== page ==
Why Americans Walk Less than Europeans

Level 1 Level 2
İngilizce Öğren LingoVivo News

A recent study exploring travel patterns reveals a substantial disparity in walking behaviors between Americans and Europeans. The findings indicate that, on average, only 12% of daily trips for US adults involve walking, a stark contrast to the United Kingdom, where people walk for 26% of their trips. France closely follows at 24%, with Germany and Finland at 22%. While the preference for cars in the US is a contributing factor, the study delves into more nuanced aspects influencing these disparities. The lower population density in the US often necessitates longer trips for work, shopping, or social activities, diminishing the feasibility of walking. Additionally, safety concerns emerge as a crucial determinant, with pedestrians in the US facing a significantly elevated risk of accidents, up to 10 times more likely to die than their counterparts in Germany, Denmark, or the Netherlands. The study underscores the interconnected impact of safety perceptions and suboptimal walking conditions, creating a deterrent to walking in the US.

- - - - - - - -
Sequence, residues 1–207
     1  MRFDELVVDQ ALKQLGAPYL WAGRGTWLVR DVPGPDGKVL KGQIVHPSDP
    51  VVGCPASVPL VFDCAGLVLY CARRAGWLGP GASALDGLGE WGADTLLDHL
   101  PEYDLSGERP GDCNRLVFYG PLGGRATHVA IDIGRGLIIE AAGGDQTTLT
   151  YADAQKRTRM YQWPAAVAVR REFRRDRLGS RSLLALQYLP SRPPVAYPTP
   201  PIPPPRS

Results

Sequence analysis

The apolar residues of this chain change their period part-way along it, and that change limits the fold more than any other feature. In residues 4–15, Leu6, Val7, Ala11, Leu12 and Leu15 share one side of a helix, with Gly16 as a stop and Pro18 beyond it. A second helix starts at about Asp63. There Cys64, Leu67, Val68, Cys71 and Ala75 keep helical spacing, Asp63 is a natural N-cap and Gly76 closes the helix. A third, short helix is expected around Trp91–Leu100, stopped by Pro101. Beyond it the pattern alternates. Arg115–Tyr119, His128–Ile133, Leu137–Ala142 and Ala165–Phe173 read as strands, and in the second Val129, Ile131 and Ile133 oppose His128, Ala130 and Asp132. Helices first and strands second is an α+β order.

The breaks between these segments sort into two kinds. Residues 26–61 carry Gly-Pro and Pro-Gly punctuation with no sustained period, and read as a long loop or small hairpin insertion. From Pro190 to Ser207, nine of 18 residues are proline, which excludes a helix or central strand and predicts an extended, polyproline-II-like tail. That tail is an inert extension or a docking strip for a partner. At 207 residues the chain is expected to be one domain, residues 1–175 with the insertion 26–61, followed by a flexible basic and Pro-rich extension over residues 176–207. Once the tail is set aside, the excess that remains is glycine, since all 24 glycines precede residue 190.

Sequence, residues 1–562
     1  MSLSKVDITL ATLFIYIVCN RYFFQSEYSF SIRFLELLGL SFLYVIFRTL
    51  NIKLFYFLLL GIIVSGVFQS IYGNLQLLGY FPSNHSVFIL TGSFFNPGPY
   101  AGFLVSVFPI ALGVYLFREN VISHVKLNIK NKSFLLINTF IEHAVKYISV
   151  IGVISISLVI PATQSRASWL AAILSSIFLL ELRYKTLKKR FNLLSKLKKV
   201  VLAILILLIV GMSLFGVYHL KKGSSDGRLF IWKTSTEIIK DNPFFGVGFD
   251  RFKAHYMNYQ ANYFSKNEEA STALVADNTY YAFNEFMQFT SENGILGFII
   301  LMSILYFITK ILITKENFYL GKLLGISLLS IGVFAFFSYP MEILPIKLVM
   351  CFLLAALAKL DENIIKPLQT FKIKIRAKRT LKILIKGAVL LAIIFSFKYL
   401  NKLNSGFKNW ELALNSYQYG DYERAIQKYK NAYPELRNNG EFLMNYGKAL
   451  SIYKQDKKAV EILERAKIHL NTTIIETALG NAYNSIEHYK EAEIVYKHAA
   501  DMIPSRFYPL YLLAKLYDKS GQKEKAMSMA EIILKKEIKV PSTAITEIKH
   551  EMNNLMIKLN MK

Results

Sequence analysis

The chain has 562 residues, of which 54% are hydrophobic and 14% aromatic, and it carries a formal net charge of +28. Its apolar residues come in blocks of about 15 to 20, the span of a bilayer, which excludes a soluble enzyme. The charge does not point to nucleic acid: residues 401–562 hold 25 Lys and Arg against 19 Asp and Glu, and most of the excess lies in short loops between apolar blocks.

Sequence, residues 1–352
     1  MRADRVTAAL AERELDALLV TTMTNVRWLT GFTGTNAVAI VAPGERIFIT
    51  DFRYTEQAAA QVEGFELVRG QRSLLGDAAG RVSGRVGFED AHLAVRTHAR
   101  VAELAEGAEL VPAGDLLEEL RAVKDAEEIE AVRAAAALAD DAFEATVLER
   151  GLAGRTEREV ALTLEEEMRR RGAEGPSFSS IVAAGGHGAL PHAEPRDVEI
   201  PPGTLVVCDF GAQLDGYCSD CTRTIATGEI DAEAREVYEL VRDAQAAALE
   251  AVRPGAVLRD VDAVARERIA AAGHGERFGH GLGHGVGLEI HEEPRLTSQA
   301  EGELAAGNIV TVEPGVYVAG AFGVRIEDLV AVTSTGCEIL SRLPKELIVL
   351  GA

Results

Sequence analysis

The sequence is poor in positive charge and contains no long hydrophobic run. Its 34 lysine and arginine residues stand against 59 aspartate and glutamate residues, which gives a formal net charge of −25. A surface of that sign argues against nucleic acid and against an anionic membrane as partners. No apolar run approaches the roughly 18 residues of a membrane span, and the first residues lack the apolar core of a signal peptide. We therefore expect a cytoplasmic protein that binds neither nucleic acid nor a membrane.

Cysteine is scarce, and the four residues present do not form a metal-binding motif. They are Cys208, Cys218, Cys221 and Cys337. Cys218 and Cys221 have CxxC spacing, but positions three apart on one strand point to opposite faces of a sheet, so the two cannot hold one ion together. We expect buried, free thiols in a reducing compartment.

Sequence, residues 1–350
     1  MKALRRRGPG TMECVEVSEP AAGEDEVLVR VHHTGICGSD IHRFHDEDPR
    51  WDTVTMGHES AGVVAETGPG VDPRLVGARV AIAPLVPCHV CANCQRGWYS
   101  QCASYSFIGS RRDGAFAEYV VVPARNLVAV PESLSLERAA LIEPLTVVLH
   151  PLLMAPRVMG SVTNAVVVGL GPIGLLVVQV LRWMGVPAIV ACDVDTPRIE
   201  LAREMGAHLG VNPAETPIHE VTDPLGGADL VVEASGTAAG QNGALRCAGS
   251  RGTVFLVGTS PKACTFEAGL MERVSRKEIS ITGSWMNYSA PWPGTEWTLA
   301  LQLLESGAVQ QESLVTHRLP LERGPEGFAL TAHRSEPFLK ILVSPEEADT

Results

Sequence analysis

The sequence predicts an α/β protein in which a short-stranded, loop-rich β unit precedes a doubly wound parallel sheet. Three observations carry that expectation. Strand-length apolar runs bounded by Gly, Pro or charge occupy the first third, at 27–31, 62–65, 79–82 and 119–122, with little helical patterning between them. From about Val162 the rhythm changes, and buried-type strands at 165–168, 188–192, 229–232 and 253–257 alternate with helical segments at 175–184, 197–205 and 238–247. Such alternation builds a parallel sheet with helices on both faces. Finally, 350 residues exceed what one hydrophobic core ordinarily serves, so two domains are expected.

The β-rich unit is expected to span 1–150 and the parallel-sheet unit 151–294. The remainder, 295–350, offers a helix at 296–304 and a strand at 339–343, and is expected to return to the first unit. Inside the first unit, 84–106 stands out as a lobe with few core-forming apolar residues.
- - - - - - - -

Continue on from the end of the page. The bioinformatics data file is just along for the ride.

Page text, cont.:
1- What does the passage emphasize about the interconnected impact of safety perceptions and walking conditions?

2- How does the lower population density in the US affect the feasibility of walking?

3- Why is the preference for cars mentioned as a contributing factor to walking disparities?


You have completed the comprehension questions. 

Parts of this lesson are based on: An article by Bill Smith.